There’s a photo taken in South Africa after Nelson Mandela’s funeral. Three Anglosphere PMs, Tony Abbott, Canada’s Stephen Harper and New Zealand’s John Key, were snapped in a restaurant, enjoying each other’s company and sharing their thoughts.
Then there were three. After yesterday, now there are none. Within weeks of each other last year, Abbott fell to a party room coup, and Harper was dispatched by Canadian voters after a disastrous election campaign.
Only Key was left standing, and he stood unassailable. No opposition could touch him. No scandal could mire him.
Only Key could pull the plug on Key, and yesterday he did just that. He said he’d seen other leaders staying on too long – he specifically cited John Howard – and he determined to go on his own steam, and not mislead the public about his intentions about staying for another full term.
As Key told ZB radio in New Zealand, he wanted to ensure a ‘transition to a new prime minister, without the baggage’. And as much as he’s loved his job, and revelled in it, that is exactly what he’s doing.
That he is likely to hand over to his preferred successor, Finance minister Bill English, means New Zealand will remain in good hands. Unlike his Australian counterpart Scott Morrison, English is a proven economic manager willing to take tough decisions for the greater good: while he faltered as opposition leader 15 years ago he has grown in office as a minister, Key’s deputy and respected figure in the international economic community. He is no Harold Holt to Key’s Menzies.
Since 2008, Key and English have made New Zealand the economic and political envy of the world. They’ve won three elections on the trot, and dominated parliament despite being in permanent minority government, thanks to New Zealand’s Mixed Member Proportional electoral system. They’ve successfully introduced and implemented world-leading economic, welfare and social reforms inspiring imitators in Britain, Europe, and even Australia. Above all, while Australia languishes under budget deficits as far as the eye can see, this year New Zealand reaped the dividends of the Key years’ taxation and spending reforms and got its budget back into the black, notwithstanding the challenges of the global economy and funding massive reconstruction after the Christchurch earthquakes.
Indeed, thanks to his and English’s prudent work on economic management and reform, Key could commit the billions needed to finance the Christchurch rebuilding effort without damaging the wider Kiwi economy, and when international financial aid was offered could say, “thanks bro, but we’ve got this”. That in his eight years as New Zealand PM we’ve had Kevin Rudd, Julia Gillard, Tony Abbott and Malcolm Turnbull says it all.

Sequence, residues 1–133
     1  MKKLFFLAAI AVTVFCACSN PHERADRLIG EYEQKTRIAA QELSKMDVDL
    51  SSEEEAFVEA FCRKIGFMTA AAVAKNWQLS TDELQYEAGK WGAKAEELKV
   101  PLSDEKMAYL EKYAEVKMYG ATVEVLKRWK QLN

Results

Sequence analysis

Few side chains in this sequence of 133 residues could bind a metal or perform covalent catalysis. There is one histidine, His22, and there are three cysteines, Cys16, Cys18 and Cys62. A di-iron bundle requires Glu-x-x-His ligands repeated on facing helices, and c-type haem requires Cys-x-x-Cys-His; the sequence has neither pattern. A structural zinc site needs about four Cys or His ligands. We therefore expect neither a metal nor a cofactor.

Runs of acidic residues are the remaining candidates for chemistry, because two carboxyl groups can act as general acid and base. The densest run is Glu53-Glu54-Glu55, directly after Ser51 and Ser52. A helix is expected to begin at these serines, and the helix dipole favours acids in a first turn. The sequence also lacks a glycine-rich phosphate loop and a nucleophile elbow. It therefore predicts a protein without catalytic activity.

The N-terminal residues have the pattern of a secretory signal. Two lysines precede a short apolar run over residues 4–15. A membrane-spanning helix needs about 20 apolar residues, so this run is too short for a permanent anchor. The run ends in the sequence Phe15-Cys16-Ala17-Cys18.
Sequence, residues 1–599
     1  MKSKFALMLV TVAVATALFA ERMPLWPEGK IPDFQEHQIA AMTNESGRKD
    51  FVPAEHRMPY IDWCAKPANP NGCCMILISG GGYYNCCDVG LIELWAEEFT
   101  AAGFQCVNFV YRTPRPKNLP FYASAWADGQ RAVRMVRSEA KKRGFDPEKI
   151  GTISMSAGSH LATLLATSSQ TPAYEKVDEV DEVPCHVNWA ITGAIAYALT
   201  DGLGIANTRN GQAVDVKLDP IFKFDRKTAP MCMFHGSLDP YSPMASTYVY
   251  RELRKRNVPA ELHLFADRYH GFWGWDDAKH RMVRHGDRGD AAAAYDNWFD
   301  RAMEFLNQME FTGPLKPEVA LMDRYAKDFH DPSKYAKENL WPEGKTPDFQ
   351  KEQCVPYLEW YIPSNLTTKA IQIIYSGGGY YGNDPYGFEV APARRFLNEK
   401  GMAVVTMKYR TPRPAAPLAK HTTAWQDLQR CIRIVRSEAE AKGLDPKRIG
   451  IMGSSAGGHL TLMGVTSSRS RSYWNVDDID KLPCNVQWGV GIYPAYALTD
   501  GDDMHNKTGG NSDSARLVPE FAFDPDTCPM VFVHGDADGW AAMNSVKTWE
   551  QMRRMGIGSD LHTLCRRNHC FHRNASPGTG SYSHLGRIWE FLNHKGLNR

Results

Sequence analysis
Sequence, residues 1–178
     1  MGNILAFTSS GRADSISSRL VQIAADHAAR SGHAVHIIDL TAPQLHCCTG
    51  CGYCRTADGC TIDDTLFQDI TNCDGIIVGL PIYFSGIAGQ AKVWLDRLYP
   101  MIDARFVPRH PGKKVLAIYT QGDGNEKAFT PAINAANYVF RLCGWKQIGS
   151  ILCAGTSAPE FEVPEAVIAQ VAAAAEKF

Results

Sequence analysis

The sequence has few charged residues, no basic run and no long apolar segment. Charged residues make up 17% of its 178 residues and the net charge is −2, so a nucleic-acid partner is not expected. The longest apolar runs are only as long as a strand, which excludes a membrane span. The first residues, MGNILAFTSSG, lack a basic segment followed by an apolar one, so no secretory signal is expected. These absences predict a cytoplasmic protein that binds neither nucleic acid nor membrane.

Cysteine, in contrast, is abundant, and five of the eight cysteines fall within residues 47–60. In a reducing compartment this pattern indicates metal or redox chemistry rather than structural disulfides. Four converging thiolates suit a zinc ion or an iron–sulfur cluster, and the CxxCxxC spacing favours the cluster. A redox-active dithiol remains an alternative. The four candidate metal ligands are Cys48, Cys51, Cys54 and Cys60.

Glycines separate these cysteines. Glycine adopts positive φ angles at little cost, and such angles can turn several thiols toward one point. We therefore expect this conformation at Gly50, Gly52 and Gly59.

Behind the scenes, too, Key has been ably assisted by a chief-of-staff who also came from business, Wayne Eagleson, who understands the importance of building coalitions and maintaining less adversarial relationships with the Opposition, minor parties and giant egos like New Zealand First’s Winston Peters. An avoider of limelight, Eagleson is the antithesis of Peta Credlin, being less a command and control gatekeeper and more a facilitator and supporter for ministers, staff and MPs. Key’s PMO on the top floor of Wellington’s Beehive building, with its magnificent views, is a happy and accessible one, reflecting Key and Eagleson’s ‘we’re here to help you, not tell you’ approach. It is held in high esteem across the New Zealand political spectrum, a far cry from its Rudd, Abbott or Turnbull equivalents.
It’s very rarely we see a PM depart under his or her own steam: in Australia it hasn’t happened since Sir Robert Menzies retired in 1966. Key’s success, and his rare combination of political savvy, policy nous and common touch show that you can be a multi-millionaire merchant banker and still be a successful PM.
Fellow business whiz turned prime minister Malcolm Turnbull can learn from Key and his spectacular success as a politician and popular national leader. If he truly wants insight into the secret of how Key did it, Turnbull should listen to yesterday’s full ZB interview in which Key, good-humouredly, is frank about himself, his family and his motivations for going. Key showcases all the elements of a politician comfortable in his own skin, a leader has always known where he’s going and why, and a PM who relates to his voters as one of them, not as the Chosen One.
If only John Key was leading the Liberal Party on this side of the Dutch. He’s a class act, and will be greatly missed.